d'l ing iiii wife, Mary Scott Castle 1
i Charlton, s.t I.ake Cotuo, taly.
Jacob C. Miller of the Peoples' Bank,
who possesses uiuuh ability as an artist
and has produced it number of meritor
ious pictures in his time,has just com
pleted a painting that is being very
much admiml. Tlio picture represents
a charming bit of landscape with a
. ilock of sheep in the foreground. Tlio
j pose of the animals is most life-like,
' wihle tho sky effect and all the details
, j of the picture seem absolutely true to
FOR LAST MONTH
j The local registrar's report to the
j bureau of vital statistics for the month
'of July is unique in that, along with
) a phenomenally low death rate, but
j one case of communicable disease is
[ The number of deaths thatjoccurred I
in the district during the mouth was :
eighteen. Of this number six took '
place at the hospital for the insane. [
With the exception of the month of |
May, when fifteen deaths occurred and j
June when the report showed seven
teen deaths, the mortality during last |
month was lower than at any time j
j this year.
The single case of communicable dis- j
| ease reported was typhoid fever. One
| deatli from typhoid was also reported,
j but it related to a case that figured in
I last month's report. It is very rare, J
j indeed, during the course of a year
' that a month occurs in which typhoid j
| fever does not figure in the report, j
The gratifying feature of the proseut
report is that the disease is limited to j
j one case.
The showing relating to the public j
health could not be more reassuring.
It is a season of the year when physi- ]
j cians can enjoy a well-earned rest.
Up to the present not. a single case
of infantile paralysis, which at many
places is alarmingly prevalent, has
; been reported in this district. The lat- j
I ter disease along with pellagra and j
. hook worm now must be reported to ;
the local registrar. Dr. Shultz last
| evening stated that while cases of in
fantile paralysis have occurreil in this j
district neither pellagra nor hook worm '
have been known to develop here.
During June eleven biiths were re- !
! ported, which is just one-half the num- j
her returned for May. In April there j
were twenty-four births. The average
of biiths for the year is generally
above the death rate.
IN NEW HOME
Myrtle Lodge No. 553, I. O. O. V..
is now snugly quartered in its new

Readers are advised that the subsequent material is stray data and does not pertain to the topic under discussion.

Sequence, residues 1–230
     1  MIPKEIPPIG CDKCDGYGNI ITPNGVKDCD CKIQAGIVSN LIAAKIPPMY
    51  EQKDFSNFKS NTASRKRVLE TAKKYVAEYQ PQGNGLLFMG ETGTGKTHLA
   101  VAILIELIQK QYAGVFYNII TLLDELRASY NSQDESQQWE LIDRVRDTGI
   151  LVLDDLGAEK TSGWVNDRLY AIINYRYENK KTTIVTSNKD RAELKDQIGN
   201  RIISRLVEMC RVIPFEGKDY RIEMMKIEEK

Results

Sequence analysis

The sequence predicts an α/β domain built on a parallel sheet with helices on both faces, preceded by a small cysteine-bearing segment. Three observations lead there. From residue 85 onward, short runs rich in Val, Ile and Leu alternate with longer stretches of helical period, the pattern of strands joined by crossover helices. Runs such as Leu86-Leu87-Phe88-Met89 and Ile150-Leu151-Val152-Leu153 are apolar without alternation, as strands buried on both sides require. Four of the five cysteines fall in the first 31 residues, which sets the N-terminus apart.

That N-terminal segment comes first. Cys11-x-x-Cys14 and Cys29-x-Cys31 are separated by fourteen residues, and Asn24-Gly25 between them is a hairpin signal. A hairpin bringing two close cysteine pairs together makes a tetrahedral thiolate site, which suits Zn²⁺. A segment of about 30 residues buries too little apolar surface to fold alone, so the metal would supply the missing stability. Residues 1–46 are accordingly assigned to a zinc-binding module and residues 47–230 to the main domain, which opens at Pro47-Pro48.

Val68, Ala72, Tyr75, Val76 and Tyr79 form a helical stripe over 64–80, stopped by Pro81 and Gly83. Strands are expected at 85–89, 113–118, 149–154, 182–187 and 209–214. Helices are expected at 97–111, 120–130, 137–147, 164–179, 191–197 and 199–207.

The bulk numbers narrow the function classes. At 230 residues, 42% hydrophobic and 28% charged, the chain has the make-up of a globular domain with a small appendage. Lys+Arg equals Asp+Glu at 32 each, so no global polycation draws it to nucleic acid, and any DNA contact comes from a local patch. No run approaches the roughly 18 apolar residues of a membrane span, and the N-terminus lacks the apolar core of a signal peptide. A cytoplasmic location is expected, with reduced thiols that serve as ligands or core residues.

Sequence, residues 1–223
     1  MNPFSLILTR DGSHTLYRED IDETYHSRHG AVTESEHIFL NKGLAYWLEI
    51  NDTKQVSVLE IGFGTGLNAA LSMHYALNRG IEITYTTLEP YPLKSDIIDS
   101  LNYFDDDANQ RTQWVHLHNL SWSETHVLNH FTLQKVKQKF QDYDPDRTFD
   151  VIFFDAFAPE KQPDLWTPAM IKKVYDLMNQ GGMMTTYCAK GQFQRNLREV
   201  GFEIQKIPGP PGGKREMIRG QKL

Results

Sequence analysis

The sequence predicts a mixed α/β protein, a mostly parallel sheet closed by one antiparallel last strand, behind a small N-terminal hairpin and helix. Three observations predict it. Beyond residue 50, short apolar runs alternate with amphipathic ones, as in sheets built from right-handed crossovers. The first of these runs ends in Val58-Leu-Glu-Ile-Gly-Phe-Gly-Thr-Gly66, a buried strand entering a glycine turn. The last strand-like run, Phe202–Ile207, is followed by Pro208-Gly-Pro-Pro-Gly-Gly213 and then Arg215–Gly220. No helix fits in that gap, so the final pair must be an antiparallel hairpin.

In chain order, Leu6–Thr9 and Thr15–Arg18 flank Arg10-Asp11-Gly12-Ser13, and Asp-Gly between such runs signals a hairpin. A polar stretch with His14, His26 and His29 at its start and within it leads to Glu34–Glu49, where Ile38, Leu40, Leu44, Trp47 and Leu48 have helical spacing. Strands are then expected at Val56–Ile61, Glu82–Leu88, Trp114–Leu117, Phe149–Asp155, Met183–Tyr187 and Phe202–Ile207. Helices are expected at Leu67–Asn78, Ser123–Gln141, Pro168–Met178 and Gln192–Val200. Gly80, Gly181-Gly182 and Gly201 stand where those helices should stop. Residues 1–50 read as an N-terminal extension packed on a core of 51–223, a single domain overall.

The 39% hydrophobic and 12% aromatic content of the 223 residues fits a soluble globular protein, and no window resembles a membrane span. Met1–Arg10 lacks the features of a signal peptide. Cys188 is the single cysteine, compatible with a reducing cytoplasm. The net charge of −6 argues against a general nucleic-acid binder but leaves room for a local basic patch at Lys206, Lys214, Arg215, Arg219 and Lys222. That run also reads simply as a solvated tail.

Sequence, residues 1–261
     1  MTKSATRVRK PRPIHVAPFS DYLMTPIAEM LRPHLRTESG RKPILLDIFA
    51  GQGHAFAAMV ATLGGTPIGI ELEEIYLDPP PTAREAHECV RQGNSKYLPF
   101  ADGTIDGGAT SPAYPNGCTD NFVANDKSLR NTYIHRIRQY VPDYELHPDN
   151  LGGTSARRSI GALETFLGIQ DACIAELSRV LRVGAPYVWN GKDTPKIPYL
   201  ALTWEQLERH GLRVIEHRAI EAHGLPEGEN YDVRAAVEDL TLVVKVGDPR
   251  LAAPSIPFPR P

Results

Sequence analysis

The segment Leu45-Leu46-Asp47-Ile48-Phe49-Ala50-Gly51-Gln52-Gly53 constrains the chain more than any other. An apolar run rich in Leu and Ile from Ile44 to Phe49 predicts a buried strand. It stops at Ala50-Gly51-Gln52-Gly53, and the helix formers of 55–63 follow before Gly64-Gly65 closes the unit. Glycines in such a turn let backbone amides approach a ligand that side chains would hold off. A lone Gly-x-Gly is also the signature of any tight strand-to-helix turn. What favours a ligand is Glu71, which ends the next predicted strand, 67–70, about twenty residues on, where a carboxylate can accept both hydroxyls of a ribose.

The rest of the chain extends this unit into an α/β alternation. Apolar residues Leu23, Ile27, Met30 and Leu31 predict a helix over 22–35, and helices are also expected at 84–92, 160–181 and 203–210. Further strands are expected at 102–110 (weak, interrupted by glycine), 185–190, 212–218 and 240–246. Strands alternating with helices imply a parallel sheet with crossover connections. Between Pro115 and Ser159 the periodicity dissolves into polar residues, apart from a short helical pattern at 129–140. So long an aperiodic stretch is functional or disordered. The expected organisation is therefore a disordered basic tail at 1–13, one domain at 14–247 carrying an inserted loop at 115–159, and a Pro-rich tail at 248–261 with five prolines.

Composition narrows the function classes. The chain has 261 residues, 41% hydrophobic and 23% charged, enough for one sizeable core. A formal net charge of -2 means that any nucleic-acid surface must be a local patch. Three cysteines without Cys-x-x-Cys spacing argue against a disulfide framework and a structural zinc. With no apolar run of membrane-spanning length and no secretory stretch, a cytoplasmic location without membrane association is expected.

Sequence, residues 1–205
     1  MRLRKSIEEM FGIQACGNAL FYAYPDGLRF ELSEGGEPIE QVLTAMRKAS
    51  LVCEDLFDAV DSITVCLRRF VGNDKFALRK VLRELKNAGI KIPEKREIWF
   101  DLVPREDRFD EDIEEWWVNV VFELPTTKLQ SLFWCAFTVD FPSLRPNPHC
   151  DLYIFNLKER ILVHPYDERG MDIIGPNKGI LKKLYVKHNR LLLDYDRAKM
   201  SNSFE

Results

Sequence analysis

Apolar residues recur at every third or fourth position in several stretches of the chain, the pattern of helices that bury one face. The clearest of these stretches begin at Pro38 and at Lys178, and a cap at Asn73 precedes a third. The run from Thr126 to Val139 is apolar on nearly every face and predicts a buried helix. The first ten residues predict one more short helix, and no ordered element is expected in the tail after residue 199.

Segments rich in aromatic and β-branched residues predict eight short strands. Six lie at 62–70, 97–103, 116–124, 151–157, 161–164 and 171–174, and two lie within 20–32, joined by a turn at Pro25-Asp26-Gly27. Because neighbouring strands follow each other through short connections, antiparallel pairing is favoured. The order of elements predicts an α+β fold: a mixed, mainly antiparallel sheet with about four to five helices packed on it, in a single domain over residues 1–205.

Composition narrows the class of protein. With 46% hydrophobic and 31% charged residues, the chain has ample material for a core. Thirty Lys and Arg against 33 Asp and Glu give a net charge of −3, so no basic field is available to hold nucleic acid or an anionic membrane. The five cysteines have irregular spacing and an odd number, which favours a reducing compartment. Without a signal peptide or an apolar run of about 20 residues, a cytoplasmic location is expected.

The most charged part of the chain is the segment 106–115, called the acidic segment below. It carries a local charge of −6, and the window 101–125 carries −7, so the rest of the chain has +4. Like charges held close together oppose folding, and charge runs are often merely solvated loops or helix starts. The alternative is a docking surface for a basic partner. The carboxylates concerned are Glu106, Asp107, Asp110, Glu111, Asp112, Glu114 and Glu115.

home formerly known as the Conkling j
building, which it purchased a few
j months ago. The first regular charter
meeting was held in the new quaiteis j
' Saturday night.
The rooms have been renovated and
handsomely furnished. The spacious
j lodge room, 51x23 feet, presents a most
attractive and co/.v appearance, the ,
I floor being covered with a new Wilton
1 velvet Brussels carpet of Porisan de
I The rooms are lighted with Tung
i sten burners of (iO watts. The switch
board is conveniently placed and the j
lights can be regulated to suit the var
| ious requirements of the lodge room.
■ The system embraces a modern "dim
| mer;" by merely pressing the button
! a few or all the ligtlis can be thrown
! into commission and they can bo made
I to burn at any degree of brilliancy de-
NINETY IN THE SHADE
That we are having our full share of
humid, sultry and oppressive days this
season no one who is exposed to out
of-door temperatures will be disposed
to question. The weather yesterday
did its very worst, mercury climbiug
up to uiuety in the shade, while the
humidity prevailing added very much
to the oppressiveness. Siuco the mid
dle of June we have had rather more
than the usual proportion of such kind
of weather. From now on we should
j have cool nights, which ought to af-
I ford sonio relief. "The A'ind is blow
| ing over the oats stubble," a condition
I which is popularly believed to cause
j cool breeezs after nightfall.
I Owing to the oppressive weather
J conditions something less than full
I time has been made in our iron in-
I dustries during the last six weeks. It
! is especially hard on tho puddlers and
heat' rs and often several furnaces are
■ off at one time
CLAIMED BY DEATH
Mrs. Levi Riohard of Point town
| ship, died at her home, a short dist
ance below Chnlaskey about 12:30
I o'clock yesterday morning after an ill
! ness of ten days of perot in it is.
Tho deceased was forty years of age
| aud is survived by her husband and